Slow week ahead . . . After the frenzy accompanying the final passage of the Stratus agreement on Aug. 1, the City Council coasted through last week’s meeting with little but a consent agenda. This week there is no Council meeting and the Zoning and Platting Commission is also taking the week off. The Historic Landmark Commission is having a work session tonight, but the week looks pretty uneventful—at least on the surface . . . Bentzin’s recommendations on corporate crimes . . . Former Dell executive and Senate District 14 candidate Ben Bentzin has some proposals to head off future accounting scandals. He says the State Securities Board should add some teeth to its requirements for companies that receive state investment funds. To start, he says, those companies should report any waivers for conflicts of interest; require independent auditors to report significant disagreements with management to the company’s audit committee; require the audit committee to hire a law firm separate from the company’s usual outside counsel; and require quarterly reports to the board and shareholders on the work of the audit committee and its recommendations . . . Police monitor open house . . . There will be an official ribbon-cutting for the Office of the Police Monitor beginning at 1pm Tuesday. The Mayor, City Council, Police Chief Stan Knee and Senator Gonzalo Barrientos will be in attendance. The public is welcome to tour the office from noon to 3 pm. During that time, Police Monitor Iris Jones and her staff will be available to answer any questions. The office is at 1106 Clayton Lane, Suite 100E . . . Benefit for injured officer . . . Amigos in Azul Police Officers Association hopes to raise funds to assist one of their own, Officer Mike Guerra, who was injured on the job. A barbeque lunch/fundraiser is scheduled from 11am to 3pm on August 22 at Fiesta Gardens. Guerra was struck by a car while crossing an intersection to stop a speeding driver. He was in a coma for eight days and now requires extensive therapy to recover significant memory loss. To contribute directly, send a check to Amigos en Azul, c/o Officer Mike Guerra, AMFCU, PO Box 1089, Austin, Texas 78767. For more information, contact Ernest Pedraza, 736-2848.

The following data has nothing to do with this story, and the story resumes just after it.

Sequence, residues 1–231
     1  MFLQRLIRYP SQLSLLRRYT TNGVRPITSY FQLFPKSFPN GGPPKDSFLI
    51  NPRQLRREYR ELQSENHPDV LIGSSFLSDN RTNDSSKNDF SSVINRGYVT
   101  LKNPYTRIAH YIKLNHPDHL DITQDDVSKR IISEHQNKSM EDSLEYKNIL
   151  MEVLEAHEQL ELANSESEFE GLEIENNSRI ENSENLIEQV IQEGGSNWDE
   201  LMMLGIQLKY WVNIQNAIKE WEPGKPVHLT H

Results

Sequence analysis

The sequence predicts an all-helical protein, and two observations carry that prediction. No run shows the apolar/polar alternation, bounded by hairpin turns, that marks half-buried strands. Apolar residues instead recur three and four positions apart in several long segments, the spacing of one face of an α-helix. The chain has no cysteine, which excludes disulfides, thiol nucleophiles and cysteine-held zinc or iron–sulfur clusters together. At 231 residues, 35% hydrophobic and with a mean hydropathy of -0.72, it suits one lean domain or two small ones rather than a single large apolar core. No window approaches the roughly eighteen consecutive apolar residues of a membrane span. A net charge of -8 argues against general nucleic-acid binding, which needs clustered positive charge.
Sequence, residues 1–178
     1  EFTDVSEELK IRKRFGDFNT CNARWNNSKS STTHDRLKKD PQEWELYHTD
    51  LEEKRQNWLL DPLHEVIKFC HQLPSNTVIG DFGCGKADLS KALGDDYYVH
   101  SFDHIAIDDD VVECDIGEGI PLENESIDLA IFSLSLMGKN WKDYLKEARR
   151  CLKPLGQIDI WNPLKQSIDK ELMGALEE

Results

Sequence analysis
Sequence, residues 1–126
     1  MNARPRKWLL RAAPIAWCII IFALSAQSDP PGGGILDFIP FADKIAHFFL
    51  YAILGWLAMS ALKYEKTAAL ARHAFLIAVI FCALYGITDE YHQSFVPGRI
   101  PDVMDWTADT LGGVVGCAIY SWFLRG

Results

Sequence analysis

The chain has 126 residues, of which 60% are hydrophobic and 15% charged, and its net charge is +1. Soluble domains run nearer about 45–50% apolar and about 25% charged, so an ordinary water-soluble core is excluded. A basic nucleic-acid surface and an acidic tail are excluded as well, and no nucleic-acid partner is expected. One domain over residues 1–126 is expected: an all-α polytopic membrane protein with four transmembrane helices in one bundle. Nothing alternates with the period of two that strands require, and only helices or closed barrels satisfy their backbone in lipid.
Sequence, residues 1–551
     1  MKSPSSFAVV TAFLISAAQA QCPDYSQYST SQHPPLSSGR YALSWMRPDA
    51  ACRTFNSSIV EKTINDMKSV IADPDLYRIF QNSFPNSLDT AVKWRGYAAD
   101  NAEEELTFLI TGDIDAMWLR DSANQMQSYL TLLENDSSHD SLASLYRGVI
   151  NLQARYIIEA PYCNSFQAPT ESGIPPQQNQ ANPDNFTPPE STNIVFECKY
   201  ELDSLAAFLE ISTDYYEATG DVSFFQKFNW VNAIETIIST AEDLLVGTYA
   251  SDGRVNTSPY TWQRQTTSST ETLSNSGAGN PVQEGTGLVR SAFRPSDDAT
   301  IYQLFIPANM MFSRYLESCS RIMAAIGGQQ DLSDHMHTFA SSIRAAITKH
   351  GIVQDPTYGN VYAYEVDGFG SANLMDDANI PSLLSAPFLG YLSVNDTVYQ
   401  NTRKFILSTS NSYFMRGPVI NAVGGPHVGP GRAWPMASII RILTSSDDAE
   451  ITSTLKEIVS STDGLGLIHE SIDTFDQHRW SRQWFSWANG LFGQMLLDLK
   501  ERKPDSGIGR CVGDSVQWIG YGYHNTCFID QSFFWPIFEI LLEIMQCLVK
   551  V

© 2002 In Fact News, Inc. All rights reserved.